After purchasing the basic equipment for our iPod Touch project, and working out how we would go about syncing content to the iPods, James Langley and I continued to battle away with research which would help answer some of our questions. We had meetings in person and via Skype at all hours to make sure we were getting it right.
We spent an afternoon researching some of the great educational apps that there were available. We were pleased to discover the huge wealth of free content available through Apple's App Store which would be really relevant to our project. The benefits to pupils' learning were just obvious. And even Michael Gove might be pleased. One of the first apps we found was perfect for learning times tables by rote, but as it was on an iPod Touch it seemed somewhat less Dickensian. (I will publish a full list of the apps we have used in a future post).
James and I met, alongside Tim Bleazard, ICT Teacher at Challenge CLC, throughout March to carry out some very important tests to answer the following questions relating to the use of the internet:
- How easy was it to enter the wireless and proxy settings?
- Could these settings be copied or synced between iPods or did they need to be entered manually each time?
- Did our school internet filtering detect the iPods and block the same web addresses as on the netbooks, laptops and desktops?
- Was there any content that would not be compatible with the iPods?
We found some great answers. And some not so great answers. Here they are.
Entering web proxy and wireless settings is a piece of cake (although you may need to involve your technical support, if this is not you, to get some of the details you'll need).
The process: On the iPod Touch, open up Settings > Wi-Fi. You should be greeted with this screen:
Make sure that the Wi-Fi is turned on and after a second or two you should see a list of the available wireless networks.
Top Tip: If you have difficulty finding wireless networks which you are sure are available, there may be an issue with your iPod Touch's wireless card. To test this, first try simply heading back to the previous 'Settings' screen and re-selecting the 'Wi-Fi' option. Sometimes all it needs is a good kick up the backside. If this fails, try turning the iPod Touch off and then back on again (can you tell I work with ICT?). Finally, if you're still having trouble, try a hard reset of the device - details of which will be made available in a future post - and give it another go. If it's still not working, but others are, your wireless card is dead and the device needs replacing, which will be done under warranty.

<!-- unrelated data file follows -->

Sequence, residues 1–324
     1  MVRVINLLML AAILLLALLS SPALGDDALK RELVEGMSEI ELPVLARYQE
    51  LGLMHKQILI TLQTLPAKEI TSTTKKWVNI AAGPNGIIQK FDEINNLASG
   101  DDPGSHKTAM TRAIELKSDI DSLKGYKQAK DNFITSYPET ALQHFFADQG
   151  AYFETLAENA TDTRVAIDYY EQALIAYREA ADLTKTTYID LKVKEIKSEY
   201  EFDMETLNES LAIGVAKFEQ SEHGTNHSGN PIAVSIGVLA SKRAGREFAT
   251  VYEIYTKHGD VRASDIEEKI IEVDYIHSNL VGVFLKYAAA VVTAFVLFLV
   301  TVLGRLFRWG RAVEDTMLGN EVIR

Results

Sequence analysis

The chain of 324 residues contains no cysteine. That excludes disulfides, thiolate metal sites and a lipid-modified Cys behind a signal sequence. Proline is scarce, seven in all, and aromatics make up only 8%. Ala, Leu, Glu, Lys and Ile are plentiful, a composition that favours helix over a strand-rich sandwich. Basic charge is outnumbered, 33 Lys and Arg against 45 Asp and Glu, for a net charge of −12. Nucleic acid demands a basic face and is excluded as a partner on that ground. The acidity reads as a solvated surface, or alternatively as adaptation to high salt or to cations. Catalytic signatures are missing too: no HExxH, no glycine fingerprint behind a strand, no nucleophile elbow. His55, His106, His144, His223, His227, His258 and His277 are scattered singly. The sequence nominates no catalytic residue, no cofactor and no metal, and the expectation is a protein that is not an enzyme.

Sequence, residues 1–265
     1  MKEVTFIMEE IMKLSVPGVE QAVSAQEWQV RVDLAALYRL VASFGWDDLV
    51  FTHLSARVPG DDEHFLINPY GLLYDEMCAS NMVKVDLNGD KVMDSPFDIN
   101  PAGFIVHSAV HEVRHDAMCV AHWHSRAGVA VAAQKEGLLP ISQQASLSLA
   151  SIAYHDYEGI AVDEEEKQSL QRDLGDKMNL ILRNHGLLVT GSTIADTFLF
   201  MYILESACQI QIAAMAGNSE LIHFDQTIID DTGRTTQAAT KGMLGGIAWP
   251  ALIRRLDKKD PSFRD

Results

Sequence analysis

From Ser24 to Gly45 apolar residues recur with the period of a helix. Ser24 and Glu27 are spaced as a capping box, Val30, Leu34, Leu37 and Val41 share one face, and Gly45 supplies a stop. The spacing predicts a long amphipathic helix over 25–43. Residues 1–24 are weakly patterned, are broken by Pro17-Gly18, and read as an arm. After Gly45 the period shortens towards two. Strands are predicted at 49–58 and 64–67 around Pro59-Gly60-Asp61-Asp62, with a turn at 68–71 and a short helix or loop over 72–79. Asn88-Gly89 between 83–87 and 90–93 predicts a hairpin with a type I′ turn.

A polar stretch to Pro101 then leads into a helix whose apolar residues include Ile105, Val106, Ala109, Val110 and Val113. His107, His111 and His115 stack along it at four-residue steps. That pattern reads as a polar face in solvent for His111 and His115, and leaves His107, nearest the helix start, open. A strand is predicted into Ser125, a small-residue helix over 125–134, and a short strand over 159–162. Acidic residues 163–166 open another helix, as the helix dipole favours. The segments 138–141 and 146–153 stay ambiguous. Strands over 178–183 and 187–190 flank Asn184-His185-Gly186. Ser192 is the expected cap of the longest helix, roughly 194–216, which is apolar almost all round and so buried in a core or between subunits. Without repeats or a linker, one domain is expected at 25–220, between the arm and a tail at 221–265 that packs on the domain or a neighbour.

Once the list of Wi-Fi networks is displayed on screen, enter the network's password (presuming that it has one). You should only need to do this once as the settings will save automatically. If your school accesses the internet through a proxy server, you will also need to enter these settings. To do this, tap the blue and white arrow next to your wireless network and scroll to the bottom of the next screen:
Enter the proxy settings and away you go. You'll probably want to test that it's working straight away by launching the iPod's inbuilt web browser, Safari, which looks like this:
Pretty easy, yes? And now for the bad news...
To my knowledge (and trust me I looked hard enough for the info) there is no way to synchronise an iPod's settings with a Windows PC or Mac, meaning that these settings need to be entered manually for each device. We bought 96 iPod Touches. 'Nuff said.
Access to internet content
As our school does access the internet through a proxy server, the iPods were also routed through this server. Therefore, all content which we block in school in line with our e-Safety Policy is inaccessible on the iPods. This, obviously, was a relieving discovery.
The great thing about the iPod Touch is that you can access the whole of the internet in the palm of your hands. Except that that's a big fat lie. As Apple CEO Steve Jobs has been forced to explain his reasoning for many times, iPod Touches do not currently include, nor do Apple envisage any plans for them to include, support for Flash or any Flash-based website. The implications of this are at best irritating, at worst lesson-killers.
Top Tip: I know you all would anyway, but... Make sure you test websites you plan to use well in advance of using them in class. This is more important than ever due to the lack of support for Flash.
And that's it for now...
It may appear to make little sense for me to talk about the finer configuration of the devices before explaining the wider process of setting them up first, but I am simply explaining the chronological learning process I underwent during the initial stages of this project. My next post in the 'Innovating with iPods' series will focus on the full setup process.
Keep checking back for updates, or subscribe to be kept fully in the loop.